More about Hen Dŷ Cwrdd

20-b-101 copy

Courtesy of Rhondda Cynon Taff Photography Library

The first chapel was built in a field belonging to the old farm of Gadlys Uchaf, the lease granted on the 5th March 1751 by Theophilus Richards and revised by his son Richard Richards on 12th December 1796. The building was small and simple, described as having a porch entrance with outside stone steps and a tiled roof. Accommodating 50-100 people, in 1782 there were 43 members, and by 1853 there were 60.

The chapel was rebuilt in 1862 at a cost of £753-15s-4d to the design of architect Evan Griffiths of Aberdare, designed to be “simple and strong, reflecting Unitarian beliefs in liberty, tolerance and forbearance”. It is a medium sized chapel which seats 250-300.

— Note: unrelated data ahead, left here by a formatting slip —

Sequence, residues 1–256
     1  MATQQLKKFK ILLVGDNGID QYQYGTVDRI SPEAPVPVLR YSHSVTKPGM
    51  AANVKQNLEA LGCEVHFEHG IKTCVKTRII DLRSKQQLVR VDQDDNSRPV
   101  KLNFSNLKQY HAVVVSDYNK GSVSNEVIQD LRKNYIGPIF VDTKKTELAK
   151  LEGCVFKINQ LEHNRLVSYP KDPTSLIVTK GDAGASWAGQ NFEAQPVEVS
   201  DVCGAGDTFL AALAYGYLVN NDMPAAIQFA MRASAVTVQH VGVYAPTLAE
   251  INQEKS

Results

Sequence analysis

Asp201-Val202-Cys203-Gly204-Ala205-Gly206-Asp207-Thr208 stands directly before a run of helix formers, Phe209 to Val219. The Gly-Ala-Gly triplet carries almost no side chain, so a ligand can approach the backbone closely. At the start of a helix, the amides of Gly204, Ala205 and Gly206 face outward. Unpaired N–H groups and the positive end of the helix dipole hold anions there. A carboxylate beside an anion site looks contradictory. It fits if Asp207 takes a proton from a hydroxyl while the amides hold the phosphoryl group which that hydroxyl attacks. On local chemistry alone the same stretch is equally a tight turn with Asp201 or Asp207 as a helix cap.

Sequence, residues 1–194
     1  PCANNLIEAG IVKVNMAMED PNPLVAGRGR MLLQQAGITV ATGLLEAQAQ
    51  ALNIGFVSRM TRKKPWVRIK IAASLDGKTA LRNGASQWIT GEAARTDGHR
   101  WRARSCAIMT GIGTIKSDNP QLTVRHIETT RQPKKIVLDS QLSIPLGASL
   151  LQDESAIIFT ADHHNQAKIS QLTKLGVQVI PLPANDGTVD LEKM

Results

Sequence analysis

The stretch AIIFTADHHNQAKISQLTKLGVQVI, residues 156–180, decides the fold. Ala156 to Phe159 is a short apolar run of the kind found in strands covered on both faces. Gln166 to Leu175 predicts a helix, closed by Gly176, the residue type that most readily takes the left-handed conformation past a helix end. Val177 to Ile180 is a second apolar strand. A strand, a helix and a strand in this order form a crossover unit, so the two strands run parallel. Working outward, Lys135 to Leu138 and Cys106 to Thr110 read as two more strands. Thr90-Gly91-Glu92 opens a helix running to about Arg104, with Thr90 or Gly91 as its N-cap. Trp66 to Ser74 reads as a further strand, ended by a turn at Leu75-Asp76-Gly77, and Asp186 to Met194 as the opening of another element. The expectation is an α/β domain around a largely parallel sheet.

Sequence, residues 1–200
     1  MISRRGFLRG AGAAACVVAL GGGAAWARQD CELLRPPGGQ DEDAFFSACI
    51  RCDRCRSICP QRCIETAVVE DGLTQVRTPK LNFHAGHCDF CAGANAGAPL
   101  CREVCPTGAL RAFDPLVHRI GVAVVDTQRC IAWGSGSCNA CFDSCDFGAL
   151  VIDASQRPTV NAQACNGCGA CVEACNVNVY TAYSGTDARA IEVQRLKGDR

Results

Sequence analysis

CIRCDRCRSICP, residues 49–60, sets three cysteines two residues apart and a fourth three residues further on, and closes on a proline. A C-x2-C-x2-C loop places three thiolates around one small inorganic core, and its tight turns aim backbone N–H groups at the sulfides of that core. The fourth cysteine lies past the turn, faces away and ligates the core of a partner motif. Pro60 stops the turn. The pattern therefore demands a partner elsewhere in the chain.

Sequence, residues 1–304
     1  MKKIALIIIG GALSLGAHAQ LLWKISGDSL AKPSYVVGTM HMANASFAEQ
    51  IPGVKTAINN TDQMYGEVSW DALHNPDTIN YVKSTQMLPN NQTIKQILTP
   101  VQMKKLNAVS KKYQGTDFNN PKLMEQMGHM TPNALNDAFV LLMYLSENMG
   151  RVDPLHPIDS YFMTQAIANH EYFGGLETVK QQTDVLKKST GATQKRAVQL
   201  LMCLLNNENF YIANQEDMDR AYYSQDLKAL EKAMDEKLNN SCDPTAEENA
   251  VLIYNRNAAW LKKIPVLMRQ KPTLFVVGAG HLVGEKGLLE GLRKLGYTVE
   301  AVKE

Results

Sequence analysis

The symmetrical cement rendered front is built in the Italianate style with a gable-entry plan. The bottom half of the facade is channelled, with a round arched doorway to the centre which has stone DS2014_291_013steps up to panelled double doors. Above is the inscribed stone plaque, while to either side are square-headed sash windows. At gallery level is a pair of round-headed windows over which arches the moulded stringcourse, and to either side are two further sash windows, those to the centre narrower than the outer openings. In the pediment is a round attic window. The square interior has a pulpit at the rear wall, accessed to either side by steps from the Sedd Fawr and with an arched recess behind. A gallery runs round three sides, supported by cast iron columns and with an unusually deep gallery front, the ceiling has a simple cornice, a central rose and octagonal ventilation panels.